Raquela is a transsexual-or "ladyboy"-from the Philippines who dreams of escaping the streets of Cebu City for a fairy tale life in Paris. In order to make her dreams come true, she turns from prostitution toward the more lucrative business of Internet porn. Her success as a porn star brings new friends, including Valerie, a ladyboy in Iceland, and Michael, the owner of the website Raquela works for. Valerie helps Raquela get as far as Iceland. From there, Michael offers her a rendezvous in Paris. Will Paris be everything she dreamed of? And will Michael turn out to be her Prince Charming?Written by
Johannesson, Olaf de Fleur
The first version of the film was 105 minutes. It was re-edited down to 80 minutes with the help of Icelandic director Dagur Kári. See more »
Written and performed by Sesar A See more »
A funny and touching story
Curiosity doesn't always kill the cat! I stumbled upon this movie at the Copenhagen "Cinemateket" during the Gay & Lesbian film festival. Having lived in France and the Philippines, and once having visited Iceland, I grew curious about the movie. I had heard about transsexuals while in the Philippines and had no opinion about them, but the film seemed to have some funny aspects, so I found myself a chaperon and there I went! I am glad I went, I unfortunately missed the first 5 or 10 minutes, but the rest did definitely leave its mark on me.
I somewhat disagree with the movie tag line "A Cinderella Story," there is some of "this" of course but it is only a side line. I read that the movie was first intended to be a documentary and that gives it a fast pace and veracity. It is actually quite difficult to distinguish between what would be fictional and what is reenacted. The acting is not always strict professional work but is intense and succeed in communicating feelings to the spectator...it works well! The plot seems sometimes to be "too go to be true" but the film moves on and keeps you interested until the end. Some the scenes are actually funny and the audience laughed more than once.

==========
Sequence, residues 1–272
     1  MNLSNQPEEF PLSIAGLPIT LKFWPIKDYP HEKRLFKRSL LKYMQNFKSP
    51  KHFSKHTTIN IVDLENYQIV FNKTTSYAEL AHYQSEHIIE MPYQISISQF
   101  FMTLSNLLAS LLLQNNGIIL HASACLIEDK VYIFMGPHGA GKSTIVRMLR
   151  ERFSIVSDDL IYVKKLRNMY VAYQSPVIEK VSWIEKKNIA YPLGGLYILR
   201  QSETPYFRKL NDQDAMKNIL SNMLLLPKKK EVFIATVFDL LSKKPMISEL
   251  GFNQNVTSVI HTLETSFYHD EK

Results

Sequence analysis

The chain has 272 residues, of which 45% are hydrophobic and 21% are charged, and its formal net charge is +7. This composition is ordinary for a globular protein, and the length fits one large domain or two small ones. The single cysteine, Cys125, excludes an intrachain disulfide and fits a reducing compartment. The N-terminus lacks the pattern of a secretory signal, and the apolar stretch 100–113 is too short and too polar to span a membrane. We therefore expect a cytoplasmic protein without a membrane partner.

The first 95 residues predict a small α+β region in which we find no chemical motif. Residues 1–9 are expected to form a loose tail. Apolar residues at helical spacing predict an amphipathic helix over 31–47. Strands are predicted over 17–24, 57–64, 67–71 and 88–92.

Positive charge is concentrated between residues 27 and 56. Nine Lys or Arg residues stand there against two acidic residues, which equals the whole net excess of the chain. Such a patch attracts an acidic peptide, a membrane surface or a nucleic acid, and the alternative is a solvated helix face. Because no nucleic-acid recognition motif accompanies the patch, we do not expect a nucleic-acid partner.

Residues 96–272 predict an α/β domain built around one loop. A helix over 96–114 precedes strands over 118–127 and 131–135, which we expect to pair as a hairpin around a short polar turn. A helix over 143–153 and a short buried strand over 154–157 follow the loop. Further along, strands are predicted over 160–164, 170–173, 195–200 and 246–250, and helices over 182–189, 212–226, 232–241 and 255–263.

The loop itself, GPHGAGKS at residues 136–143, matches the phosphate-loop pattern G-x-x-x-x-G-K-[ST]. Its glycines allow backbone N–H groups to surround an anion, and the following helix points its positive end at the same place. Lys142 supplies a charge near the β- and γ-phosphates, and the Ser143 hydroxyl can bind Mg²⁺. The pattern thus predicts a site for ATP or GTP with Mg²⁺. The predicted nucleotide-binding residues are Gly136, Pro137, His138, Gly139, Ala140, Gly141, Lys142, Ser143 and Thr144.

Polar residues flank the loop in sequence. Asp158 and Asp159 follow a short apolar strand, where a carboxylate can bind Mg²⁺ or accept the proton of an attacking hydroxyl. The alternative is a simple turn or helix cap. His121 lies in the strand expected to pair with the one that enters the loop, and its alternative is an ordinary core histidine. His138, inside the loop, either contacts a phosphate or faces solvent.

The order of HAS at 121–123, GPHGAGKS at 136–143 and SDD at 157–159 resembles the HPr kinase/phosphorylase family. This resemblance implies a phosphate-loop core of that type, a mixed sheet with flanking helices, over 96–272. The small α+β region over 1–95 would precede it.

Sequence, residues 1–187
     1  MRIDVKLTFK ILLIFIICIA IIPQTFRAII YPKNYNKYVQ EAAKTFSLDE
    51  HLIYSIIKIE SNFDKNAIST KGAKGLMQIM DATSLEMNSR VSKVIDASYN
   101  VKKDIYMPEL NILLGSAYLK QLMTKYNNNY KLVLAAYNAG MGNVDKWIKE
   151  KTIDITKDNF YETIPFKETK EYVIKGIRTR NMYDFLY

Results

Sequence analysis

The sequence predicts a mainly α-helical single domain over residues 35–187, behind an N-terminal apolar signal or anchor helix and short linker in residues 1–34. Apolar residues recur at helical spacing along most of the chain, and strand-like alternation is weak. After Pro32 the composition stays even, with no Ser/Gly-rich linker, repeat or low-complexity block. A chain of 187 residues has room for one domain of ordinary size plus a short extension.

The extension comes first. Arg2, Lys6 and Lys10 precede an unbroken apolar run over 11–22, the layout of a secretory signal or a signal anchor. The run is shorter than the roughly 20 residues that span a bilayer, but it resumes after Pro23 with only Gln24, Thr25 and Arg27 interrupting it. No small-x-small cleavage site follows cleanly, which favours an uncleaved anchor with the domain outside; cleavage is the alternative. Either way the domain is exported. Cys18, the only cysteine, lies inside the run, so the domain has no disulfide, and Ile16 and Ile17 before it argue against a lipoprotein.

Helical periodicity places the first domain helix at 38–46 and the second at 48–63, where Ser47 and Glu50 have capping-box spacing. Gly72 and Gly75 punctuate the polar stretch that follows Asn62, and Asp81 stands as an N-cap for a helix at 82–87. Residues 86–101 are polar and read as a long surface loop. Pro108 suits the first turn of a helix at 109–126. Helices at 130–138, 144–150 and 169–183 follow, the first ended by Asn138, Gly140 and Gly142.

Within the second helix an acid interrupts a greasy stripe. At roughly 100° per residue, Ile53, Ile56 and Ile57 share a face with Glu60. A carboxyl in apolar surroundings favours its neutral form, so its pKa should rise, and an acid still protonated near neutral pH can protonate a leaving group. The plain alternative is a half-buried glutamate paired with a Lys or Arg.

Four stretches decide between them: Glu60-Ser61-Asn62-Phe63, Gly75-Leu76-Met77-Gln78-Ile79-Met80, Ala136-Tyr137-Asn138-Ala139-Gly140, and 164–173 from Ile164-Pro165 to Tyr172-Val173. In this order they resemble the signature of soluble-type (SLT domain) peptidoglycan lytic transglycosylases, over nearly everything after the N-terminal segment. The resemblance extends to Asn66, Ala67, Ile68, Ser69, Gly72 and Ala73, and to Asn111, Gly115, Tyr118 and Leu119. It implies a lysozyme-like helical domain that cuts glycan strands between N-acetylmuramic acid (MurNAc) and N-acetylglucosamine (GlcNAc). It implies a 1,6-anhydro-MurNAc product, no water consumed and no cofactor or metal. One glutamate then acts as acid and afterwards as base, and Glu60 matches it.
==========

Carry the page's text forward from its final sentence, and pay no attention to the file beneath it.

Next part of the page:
It is a tale about "differences," about "weirdness" and tolerance. The Elephant Man of David Lynch said "I am a human being," this is never spelled out by Raquela but the message is the same and is delivered in a deep and moving way.
I don't recall any embarrassing or disturbing scene, there is almost no nudity and always displayed in a non provocative way. Queen Raquela should not be categorized as a "militant" movie, it just a movie about life, a strange life, a non conventional life but absolutely human. I would be glad that Queen Raquela gets away from too many Gay & Lesbian film festivals and reaches a wider audience, it deserves it!
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